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NEIPA bio-trans hopping process

I’m on a binge of trying to make a good hazy and I suspect I have some sort of issue with my hopping routine. The results have been very astringent beyond just hop particulate in suspension, at least that is my assumption based on having a batch in the keg for 2 weeks now that tastes like bitter raw hops.

I’d like to know from folks who are turning out neipas with a reliably bright/soft/fruity flavor profile what exactly is your process for the dry hopping stage(s). How much, when, how long, and do you agitate/swirl the hops back into solution?

I have been adding at 3 days and at 7 days, both additions at 3-4 oz of the typical hops for style (mostly citra, mosaic, galaxy, a little simcoe and centennial in one batch too).

I have been using WY1318, which keeps a thick krausen with the hops floating, so I have been repeatedly swirling/shaking (under positive CO2) to get them temporarily suspended in solution.

Inadvertently posted in the uncategorized forum so apologies if you see this twice…

I have been lightly crashing the beer to about 45deg for 2 days before siphoning into the keg.

My going hypothesis is that I might need to stop the swirling and just let em float, that maybe I am getting more harshness by doing that.

FWIW, I have been starting at an OG of about 1.065, bittering to 20 IBU in the boil, and doing a 30 min. hopstand at 150deg with approx 6-8 oz. So I would be surprised if I am getting alot of hop isomerization in the hopstand to contribute to bitterness at that low of a temp.

Thanks for any advice!

London Ale III is generally considered good for NEIPAs because of its residual sweetness. It seems like dry-hopping best practices are changing every 6 months. Right now cold dry hopping is best practice. Adding at the end of fermentation and not bothering with those early bio-transformations is also current practice for many.
I think you need to look to the hops for what oils they have to contribute. Adding a high alpha acid hops are less important IMO. I also think focusing on 1 or 2 hops that are distinctive make a better beer than a melange of competing characteristics.

http://scottjanish.com/a-case-for-short-and-cool-dry-hopping/

Interesting article…I read it but the counter didn’t click…so, hazy juicy IPAs are a shifting changing thing and the brewing practices for them are evolving over time.
My last NEIPA came out fine and I used a metric shite ton of Columbus…so there’s that …my notes (5/27/17 lol)say “excellent taste, no hint of oxidation or grassiness. Very juicy, orange/grapefruit juice, no bite/burn in back of throat. Still needs time on gas/1 1/2 weeks on CO2 thus far. Not much head, but decent carbonation by mouthfeel, is soft and ‘pillowy’.
Not sure what I would do differently.”

This is a tough style to get exactly where you want it…thoughts:
-6-8 ounces during a hopstand is a lot( I did 3 oz) so that could be a factor …or not.
-I doubt the agitation is a factor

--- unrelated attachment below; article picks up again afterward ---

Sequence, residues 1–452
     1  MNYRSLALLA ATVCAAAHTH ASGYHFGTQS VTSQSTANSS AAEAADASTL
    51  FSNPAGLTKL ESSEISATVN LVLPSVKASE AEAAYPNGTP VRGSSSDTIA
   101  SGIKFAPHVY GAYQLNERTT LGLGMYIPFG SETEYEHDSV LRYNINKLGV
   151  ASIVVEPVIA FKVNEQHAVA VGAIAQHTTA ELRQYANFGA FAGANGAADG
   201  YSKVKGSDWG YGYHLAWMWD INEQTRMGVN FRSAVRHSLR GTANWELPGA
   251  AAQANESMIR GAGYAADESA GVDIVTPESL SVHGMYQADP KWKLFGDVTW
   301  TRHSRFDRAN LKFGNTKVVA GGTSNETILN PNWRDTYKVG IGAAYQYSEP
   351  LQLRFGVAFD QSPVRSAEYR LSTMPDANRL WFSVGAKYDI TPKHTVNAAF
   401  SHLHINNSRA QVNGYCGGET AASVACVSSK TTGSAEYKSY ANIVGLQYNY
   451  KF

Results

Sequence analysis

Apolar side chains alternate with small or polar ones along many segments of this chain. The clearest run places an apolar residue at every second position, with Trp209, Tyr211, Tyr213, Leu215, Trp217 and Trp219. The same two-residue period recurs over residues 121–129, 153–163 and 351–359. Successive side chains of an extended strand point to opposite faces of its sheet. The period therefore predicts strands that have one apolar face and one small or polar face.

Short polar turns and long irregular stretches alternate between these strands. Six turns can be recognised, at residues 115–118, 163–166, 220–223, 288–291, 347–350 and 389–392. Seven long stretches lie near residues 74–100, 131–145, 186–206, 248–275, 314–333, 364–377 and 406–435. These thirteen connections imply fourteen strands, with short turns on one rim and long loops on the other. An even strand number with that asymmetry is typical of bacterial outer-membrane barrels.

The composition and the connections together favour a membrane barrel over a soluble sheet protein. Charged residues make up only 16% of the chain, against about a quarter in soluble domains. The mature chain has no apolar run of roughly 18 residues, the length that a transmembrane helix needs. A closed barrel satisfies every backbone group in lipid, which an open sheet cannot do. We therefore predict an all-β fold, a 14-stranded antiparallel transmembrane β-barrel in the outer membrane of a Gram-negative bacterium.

-Water chemistry?calcium chloride?

  • your post fermentation hopping is similar to mine except I did the second dry hop at 10 days

water was approx 170 Chloride and 75 Sulfate.

hadn’t given the thought to my hopstand being excessive but who knows may so. I have not gotten any astringency from the pre-fermented wort but I guess there could be an additive effect if the hopstand was contributing enough polyphenols that the dry hop pushed over the edge later on.

Also interesting about changes in practice to post-ferm cool/cold dry hopping in this style. That’s basically just a standard dry hop for a regular IPA.

So, I have one going now that is just day 1 fermentation. I could skip the biotransformation step entirely. Or I could add in a bagged dry hop at high krausen and remove after just a day or two.

Seems like the polyphenols are both a blessing and a curse with this style.

I really have to dig in and read more about the cold hopping/short contact time data…I am an old dog but I am still capable of learning new tricks…when I started discussing, early on, the brewing of NEIPAs I was roundly vilified/pilloried/mocked/ and some a hole even called NEIPAs and I quote “cabbage patch dolls (that will soon go away)” when I brought them up.
Well he’s gone and they’re still here.
Sorry for rant…I’ve had a few.

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6-8oz of hops at whirlpool is a lot IMHO. Even at 150° ( I assume this is accurate) at 30 mins. The hops you mention usually have a higher AA% so that’s going to contribute, especially in addition to your boil hops. Either lower the whirlpool or lower your initial bittering charge and see what happens. Personally I would limit my boil hops first. Also, FWIW we just let those DH float and sink.
There’s a lot of info that indicates a diminished return on using too much DH. That’s supposedly 8g/L or about .28oz/gal. So that’s about 5 1/2 oz per 5gal.
In addition, these beers benefit from cold crashing to get those hop particles to settle completely out. And that’s difficult. Without that you’ll continue to get that hop burn which can be perceived as bitterness.

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That was exactly my concern…without the unique early dry hopping for NEIPAs, you will not end up with a hazy IPA. You will have a tropical fruit forward regular IPA, kind of like Sierra Nevada’s BIg Little Thing West Coast imperial IPA, if you use the hops typically employed for this style.

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